Whenever any public body asks taxpayers to approve a referendum?"whether it's for a straight permanent tax increase or to approve the sale of bonds?"elected officials provide an idea of what the "average" taxpayer will end up paying as the result of a successful referendum.
While we suppose that's a helpful tool with which to sell a referendum to voters (or doom it completely), there's got to be a better, more easily understood way to explain where these numbers are coming from.
In most cases, the numbers appear to be picked from thin air, based on the sale value of people's homes, since that is the number most homeowners actually recognize. However, an individual's tax burden isn't based on what they paid for their house, but rather on what the county assessor says their house's assessed valuation is.
In the old days?"before such information was available on the Internet?"figuring out your particular tax increase for a referendum question involved some work. But with such information at the fingertips of both taxpayers and public bodies, you'd think it would be much easier to get specific, accurate information on matters of such importance.
Brookfield-LaGrange Park School District 95 has revised its estimate of what an "average" taxpayer will pay for its proposed tax increase, lowering it significantly from their referendum of a year ago?"when the district was actually asking for less!
Taxpayers, we're sure, will look at this dramatic change with some degree of skepticism, even if it is completely accurate.
In response, District 95 school board member Charles Snyder has suggested collecting a list of each property in the district, specifically listing the assessed value of each property in order to make it easier for taxpayers to figure out what the tax burden will be for them.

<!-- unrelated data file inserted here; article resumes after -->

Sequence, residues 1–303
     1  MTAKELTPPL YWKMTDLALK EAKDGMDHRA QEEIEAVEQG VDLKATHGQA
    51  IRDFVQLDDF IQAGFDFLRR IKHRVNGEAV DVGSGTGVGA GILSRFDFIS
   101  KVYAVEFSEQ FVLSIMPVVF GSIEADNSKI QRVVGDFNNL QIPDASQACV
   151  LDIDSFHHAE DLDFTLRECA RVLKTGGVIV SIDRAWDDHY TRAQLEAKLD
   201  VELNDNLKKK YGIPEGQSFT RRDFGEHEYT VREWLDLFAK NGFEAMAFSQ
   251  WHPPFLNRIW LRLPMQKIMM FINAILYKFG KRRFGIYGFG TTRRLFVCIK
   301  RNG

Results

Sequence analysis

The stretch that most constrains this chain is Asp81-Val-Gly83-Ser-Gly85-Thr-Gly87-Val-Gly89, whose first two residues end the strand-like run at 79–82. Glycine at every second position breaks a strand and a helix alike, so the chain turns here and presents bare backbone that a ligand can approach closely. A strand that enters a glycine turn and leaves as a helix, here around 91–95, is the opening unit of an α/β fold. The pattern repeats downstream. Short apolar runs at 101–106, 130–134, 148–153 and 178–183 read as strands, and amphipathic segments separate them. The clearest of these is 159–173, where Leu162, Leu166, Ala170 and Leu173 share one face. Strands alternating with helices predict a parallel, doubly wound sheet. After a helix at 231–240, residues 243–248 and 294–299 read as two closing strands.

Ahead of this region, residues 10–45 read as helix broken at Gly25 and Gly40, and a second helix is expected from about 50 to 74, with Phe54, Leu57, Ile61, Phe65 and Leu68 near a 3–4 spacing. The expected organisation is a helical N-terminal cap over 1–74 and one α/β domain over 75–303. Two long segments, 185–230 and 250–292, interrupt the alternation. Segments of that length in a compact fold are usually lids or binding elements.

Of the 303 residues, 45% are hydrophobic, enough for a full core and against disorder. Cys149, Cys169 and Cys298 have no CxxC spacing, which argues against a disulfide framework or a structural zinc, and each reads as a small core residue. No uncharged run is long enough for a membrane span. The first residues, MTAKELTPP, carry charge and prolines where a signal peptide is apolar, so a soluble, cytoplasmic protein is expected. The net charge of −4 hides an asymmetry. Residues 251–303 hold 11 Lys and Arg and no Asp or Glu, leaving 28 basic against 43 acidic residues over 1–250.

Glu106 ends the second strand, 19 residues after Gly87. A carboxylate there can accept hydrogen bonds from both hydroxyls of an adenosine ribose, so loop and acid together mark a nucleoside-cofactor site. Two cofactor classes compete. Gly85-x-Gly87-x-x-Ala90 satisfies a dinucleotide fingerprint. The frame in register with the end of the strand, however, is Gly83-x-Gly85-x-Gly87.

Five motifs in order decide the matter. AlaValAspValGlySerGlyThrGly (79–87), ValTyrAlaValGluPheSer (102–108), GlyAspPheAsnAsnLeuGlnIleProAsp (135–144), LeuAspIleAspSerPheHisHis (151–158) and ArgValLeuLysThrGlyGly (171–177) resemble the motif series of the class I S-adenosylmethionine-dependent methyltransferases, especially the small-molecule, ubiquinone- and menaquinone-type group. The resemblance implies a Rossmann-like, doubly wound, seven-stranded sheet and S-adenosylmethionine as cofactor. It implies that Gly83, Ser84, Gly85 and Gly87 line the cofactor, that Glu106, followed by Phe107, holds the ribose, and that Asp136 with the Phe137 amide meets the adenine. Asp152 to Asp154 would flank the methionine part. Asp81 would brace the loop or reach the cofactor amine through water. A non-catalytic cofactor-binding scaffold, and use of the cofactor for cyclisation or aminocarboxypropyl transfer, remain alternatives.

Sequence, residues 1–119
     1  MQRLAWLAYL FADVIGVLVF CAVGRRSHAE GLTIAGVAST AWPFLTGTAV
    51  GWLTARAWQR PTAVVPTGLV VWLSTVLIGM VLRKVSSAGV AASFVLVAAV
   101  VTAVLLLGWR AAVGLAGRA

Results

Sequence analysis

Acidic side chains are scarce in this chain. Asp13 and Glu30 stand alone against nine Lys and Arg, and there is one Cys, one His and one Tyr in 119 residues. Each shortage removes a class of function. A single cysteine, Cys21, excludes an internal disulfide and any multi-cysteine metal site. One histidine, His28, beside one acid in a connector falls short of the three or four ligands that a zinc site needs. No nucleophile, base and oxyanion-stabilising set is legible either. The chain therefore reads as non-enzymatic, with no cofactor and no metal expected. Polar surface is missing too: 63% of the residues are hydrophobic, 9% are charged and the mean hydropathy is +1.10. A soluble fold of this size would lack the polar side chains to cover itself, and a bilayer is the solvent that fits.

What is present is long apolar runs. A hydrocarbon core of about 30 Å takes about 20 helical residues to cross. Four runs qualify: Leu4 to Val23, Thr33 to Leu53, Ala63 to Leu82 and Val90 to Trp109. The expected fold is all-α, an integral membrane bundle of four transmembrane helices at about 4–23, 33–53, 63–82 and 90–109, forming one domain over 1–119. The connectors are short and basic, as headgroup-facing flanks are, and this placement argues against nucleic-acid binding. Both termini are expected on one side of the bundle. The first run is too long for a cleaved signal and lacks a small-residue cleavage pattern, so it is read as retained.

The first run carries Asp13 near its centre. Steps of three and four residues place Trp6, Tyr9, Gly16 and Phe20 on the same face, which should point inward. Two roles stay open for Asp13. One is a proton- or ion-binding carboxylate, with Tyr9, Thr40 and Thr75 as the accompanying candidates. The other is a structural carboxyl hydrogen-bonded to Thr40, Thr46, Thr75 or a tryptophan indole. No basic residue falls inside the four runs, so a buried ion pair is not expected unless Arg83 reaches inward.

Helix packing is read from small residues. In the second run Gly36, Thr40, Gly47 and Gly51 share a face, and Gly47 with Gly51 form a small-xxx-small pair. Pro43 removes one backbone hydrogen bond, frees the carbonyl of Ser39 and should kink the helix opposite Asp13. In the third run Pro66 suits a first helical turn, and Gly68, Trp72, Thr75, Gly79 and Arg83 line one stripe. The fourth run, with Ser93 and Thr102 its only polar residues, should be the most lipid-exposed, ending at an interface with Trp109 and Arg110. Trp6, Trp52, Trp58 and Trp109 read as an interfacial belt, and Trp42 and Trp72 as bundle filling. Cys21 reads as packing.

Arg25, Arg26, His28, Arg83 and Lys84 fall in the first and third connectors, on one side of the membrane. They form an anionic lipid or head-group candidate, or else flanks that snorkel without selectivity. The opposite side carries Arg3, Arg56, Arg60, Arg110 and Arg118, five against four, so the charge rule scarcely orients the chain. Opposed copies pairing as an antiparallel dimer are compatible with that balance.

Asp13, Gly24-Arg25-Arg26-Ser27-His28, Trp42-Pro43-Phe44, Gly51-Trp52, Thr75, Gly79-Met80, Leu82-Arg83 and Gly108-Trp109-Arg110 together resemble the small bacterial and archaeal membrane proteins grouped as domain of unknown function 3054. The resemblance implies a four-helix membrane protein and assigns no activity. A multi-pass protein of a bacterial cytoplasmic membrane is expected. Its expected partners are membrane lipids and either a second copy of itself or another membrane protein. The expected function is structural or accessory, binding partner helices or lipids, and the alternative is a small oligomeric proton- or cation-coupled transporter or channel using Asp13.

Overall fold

We'll go a step further.
If public bodies really want taxpayers to know what a tax referendum is going to cost them?"then they should take the mystery out of the equation all together. Information such as a property's assessed value is public information, and is published routinely by townships under law.
With the technology available today, there has got to be some way to compile not only a list of properties, but a way to do the math for taxpayers. Publish a list of every address within the boundaries of a public body, along with the exact amount of tax increase, based on the proposed tax hike, related to that address.
No more "average" figure, no more guessing. If public bodies think their tax increases are not only for the best, but also not as onerous as people might think, they should let people know exactly how it's going to affect their wallets.
We'd think the effort involved in creating such a list would be worth it to the public body, which stands to gain millions of dollars in return for that effort. And we're not talking the City of Chicago here. We're talking?"at least in the cases of Brookfield, Riverside and North Riverside?"villages with populations of under 20,000 and school districts of under 1,500 students.
Do voters a favor, and let them know the bottom line to their specific wallets.